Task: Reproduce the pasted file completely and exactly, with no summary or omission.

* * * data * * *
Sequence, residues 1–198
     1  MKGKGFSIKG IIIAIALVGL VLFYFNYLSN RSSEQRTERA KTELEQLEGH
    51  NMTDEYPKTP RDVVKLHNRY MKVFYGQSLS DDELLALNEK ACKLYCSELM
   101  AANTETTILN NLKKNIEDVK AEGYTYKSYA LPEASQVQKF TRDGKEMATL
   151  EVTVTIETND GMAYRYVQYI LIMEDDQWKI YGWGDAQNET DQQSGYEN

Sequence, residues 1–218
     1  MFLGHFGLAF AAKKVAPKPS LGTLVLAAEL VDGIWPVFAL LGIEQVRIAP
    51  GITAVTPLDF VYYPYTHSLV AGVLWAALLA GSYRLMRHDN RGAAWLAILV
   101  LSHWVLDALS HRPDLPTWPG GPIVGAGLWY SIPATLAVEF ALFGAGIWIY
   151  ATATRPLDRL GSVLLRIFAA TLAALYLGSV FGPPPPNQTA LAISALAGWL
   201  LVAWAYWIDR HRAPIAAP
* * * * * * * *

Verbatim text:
Sequence, residues 1–198
     1  MKGKGFSIKG IIIAIALVGL VLFYFNYLSN RSSEQRTERA KTELEQLEGH
    51  NMTDEYPKTP RDVVKLHNRY MKVFYGQSLS DDELLALNEK ACKLYCSELM
   101  AANTETTILN NLKKNIEDVK AEGYTYKSYA LPEASQVQKF TRDGKEMATL
   151  EVTVTIETND GMAYRYVQYI LIMEDDQWKI YGWGDAQNET DQQSGYEN

Sequence, residues 1–218
     1  MFLGHFGLAF AAKKVAPKPS LGTLVLAAEL VDGIWPVFAL LGIEQVRIAP
    51  GITAVTPLDF VYYPYTHSLV AGVLWAALLA GSYRLMRHDN RGAAWLAILV
   101  LSHWVLDALS HRPDLPTWPG GPIVGAGLWY SIPATLAVEF ALFGAGIWIY
   151  ATATRPLDRL GSVLLRIFAA TLAALYLGSV FGPPPPNQTA LAISALAGWL
   201  LVAWAYWIDR HRAPIAAP